Though the high tech sector has made strides in building a diverse workforce, African Americans, Hispanics, and women remain underrepresented.* In response to this issue, a nonprofit organization in Bellevue, Washington, is inviting more young people to learn programming skills. Founded in 2009, SRND (formerly StudentRND) is a nonprofit organization dedicated to increasing the participation of diverse and underrepresented groups in Computer Science (CS) studies. They create fun experiences that get primarily high schoolers as well as college undergrads excited about coding.
Their nationwide, networked CodeDay app- and game-building event and other programs have empowered over 25,000 new programmers in nearly 50 cities across the U.S. and Canada. One of its more popular activities is CodeCup, a cybersecurity challenge designed to get high school and college students excited about CS.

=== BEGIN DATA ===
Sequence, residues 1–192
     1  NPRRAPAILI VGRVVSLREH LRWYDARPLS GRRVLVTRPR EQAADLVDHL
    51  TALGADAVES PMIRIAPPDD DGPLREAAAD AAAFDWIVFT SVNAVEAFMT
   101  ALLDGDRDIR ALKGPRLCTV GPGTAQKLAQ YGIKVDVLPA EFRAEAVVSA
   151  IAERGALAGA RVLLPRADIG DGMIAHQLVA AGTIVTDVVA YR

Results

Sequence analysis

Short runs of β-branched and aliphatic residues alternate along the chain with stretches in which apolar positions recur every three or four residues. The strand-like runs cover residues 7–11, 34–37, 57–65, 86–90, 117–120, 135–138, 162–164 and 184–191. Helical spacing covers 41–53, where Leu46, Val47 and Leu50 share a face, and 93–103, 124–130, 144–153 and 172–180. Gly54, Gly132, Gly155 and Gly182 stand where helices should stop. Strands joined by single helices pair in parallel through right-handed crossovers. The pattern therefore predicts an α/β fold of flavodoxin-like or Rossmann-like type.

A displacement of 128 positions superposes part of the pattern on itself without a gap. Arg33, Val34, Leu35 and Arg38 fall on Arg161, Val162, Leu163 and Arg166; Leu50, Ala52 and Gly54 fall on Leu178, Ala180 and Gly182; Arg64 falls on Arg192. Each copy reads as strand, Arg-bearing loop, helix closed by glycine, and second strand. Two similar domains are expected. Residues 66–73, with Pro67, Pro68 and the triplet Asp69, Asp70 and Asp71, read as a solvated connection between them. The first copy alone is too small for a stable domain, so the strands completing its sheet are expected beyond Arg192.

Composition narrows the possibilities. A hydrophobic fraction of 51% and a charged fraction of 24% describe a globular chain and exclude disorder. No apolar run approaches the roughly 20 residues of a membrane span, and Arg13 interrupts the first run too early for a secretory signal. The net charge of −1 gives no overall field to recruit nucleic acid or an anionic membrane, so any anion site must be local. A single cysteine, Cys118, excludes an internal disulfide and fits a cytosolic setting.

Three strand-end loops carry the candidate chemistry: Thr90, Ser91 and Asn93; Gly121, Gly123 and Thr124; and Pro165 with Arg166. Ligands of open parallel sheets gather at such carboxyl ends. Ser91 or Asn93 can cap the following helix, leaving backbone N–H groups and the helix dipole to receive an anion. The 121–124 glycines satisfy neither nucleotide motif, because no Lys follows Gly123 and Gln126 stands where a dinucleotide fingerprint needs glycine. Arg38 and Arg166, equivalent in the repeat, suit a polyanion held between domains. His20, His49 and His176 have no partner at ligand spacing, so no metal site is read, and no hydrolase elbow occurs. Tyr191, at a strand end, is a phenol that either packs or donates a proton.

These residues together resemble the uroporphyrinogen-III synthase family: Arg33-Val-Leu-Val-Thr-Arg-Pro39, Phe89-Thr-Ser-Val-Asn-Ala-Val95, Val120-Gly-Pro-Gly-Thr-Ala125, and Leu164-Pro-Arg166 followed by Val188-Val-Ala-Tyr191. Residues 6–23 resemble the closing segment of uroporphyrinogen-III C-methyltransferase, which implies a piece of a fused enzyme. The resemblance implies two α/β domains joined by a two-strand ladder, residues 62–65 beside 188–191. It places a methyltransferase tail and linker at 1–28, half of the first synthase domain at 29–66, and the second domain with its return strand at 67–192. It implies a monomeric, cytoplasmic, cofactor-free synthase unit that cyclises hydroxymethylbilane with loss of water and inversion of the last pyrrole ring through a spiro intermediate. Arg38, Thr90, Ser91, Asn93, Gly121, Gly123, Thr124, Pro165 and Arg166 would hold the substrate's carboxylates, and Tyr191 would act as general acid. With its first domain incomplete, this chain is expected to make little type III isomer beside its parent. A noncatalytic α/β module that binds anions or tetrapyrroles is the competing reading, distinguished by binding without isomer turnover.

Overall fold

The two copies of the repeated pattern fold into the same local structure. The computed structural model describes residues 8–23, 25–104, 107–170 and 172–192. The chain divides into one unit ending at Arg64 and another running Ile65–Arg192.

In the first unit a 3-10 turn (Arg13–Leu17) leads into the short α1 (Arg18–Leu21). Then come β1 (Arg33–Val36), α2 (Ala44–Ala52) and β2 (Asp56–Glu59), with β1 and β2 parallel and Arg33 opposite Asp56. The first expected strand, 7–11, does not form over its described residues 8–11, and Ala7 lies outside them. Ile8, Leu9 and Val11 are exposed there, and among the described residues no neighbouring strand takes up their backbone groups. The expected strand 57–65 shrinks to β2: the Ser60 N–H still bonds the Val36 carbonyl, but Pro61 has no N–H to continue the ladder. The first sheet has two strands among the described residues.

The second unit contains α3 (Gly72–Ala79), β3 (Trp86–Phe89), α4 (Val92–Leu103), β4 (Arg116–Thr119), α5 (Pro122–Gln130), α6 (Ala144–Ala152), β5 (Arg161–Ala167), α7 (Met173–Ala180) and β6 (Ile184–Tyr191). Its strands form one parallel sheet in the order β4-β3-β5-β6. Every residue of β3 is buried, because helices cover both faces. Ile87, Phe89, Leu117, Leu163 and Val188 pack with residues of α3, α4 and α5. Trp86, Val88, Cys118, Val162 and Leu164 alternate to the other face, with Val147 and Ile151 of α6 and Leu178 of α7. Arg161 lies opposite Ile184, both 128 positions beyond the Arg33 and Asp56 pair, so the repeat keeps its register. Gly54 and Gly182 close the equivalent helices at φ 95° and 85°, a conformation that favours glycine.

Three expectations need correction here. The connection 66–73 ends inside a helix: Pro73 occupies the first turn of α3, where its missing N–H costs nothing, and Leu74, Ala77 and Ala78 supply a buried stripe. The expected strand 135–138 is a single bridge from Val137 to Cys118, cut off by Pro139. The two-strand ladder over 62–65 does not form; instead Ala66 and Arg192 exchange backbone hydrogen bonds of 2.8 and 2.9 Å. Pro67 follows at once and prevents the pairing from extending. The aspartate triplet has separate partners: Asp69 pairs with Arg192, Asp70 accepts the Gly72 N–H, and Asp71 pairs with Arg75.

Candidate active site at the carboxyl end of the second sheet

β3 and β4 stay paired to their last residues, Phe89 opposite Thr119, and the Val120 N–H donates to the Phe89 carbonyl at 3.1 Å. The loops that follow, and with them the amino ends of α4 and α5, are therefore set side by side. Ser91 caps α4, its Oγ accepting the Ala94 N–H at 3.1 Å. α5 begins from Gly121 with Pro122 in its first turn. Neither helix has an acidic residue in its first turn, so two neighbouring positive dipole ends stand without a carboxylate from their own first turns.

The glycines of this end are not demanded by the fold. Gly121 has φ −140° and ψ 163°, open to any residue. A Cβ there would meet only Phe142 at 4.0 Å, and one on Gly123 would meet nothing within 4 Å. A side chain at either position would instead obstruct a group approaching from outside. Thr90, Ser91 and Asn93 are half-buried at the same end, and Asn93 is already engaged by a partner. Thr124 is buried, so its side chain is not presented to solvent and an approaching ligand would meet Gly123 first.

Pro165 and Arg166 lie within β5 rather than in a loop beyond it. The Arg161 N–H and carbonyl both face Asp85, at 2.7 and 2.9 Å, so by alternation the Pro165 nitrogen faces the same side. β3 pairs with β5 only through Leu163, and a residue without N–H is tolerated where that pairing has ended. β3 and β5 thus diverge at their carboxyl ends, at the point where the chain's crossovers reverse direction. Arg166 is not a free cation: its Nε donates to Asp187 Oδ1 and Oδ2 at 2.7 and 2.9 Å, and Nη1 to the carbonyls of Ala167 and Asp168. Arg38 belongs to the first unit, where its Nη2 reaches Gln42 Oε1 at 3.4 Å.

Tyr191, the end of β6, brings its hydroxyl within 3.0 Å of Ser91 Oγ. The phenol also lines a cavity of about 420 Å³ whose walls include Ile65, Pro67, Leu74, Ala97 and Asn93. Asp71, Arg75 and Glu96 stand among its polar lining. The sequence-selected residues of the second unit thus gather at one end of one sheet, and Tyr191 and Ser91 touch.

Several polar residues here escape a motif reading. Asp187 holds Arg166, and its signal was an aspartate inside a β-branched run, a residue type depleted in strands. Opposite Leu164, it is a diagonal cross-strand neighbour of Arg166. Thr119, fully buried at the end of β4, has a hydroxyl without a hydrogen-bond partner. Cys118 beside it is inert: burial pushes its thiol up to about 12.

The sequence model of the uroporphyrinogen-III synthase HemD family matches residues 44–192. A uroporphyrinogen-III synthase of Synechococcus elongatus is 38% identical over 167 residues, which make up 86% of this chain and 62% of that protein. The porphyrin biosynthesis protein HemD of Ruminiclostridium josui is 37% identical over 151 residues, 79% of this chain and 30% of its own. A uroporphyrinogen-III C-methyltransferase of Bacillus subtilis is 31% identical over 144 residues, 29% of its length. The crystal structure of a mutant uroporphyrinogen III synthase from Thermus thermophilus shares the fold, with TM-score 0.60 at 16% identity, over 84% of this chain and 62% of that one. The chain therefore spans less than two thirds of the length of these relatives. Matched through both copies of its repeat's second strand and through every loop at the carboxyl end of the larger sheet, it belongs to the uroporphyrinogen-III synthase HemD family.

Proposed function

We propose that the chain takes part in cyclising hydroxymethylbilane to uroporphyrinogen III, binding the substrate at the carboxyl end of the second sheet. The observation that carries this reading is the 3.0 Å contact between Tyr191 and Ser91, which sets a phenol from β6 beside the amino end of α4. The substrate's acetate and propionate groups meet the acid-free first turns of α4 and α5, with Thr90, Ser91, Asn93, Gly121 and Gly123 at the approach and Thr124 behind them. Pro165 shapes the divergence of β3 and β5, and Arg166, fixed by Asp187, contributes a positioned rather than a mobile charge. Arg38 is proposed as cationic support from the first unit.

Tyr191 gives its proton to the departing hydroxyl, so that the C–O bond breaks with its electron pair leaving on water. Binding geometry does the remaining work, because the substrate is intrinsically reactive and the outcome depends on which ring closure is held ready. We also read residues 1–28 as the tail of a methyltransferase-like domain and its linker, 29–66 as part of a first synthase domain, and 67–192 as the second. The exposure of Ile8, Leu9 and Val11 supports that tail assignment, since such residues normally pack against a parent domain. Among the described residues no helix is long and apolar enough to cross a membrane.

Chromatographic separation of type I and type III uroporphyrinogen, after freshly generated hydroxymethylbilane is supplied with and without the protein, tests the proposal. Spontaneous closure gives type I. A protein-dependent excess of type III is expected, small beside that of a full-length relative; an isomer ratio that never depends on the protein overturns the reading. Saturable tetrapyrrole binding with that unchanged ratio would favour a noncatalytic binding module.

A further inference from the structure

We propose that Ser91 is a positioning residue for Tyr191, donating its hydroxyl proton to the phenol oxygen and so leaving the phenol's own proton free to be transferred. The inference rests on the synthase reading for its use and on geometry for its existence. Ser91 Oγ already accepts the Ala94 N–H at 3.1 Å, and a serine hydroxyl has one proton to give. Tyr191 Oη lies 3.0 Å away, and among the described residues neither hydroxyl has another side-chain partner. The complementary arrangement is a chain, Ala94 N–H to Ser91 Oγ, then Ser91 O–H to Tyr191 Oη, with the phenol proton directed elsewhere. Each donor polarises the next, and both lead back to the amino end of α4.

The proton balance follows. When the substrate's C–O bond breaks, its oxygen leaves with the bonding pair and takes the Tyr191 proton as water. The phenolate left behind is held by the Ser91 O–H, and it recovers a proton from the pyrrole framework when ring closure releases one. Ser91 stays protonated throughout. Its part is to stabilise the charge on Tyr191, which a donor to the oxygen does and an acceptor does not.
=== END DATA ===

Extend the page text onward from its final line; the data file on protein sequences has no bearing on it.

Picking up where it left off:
“It's live, all at the same time, and we have several thousand students across North America who participate,” says Tyler Menezes, SRND executive director. The students might be anywhere from Boca Raton to Minneapolis or Boston to San Francisco. “We were using open-source software, which was really made for a few dozen people connecting to it. And we were trying to connect several thousand people to it simultaneously.”
When their live stream crashed only minutes into their CodeCup event in November 2018, SRND knew they needed a new solution for hosting thousands of students in multiple locations simultaneously.
To solve their scaling problem, SRND could either develop something in-house or find a more powerful platform. No matter what, they needed a comprehensive solution that could instantly scale up for one hour a few times a year during their CodeDay and CodeCup events, and then scale back down. “One season when we did a CodeDay, there were so many people who wanted to participate that basically the entire server just rolled up and died,” Menezes explains.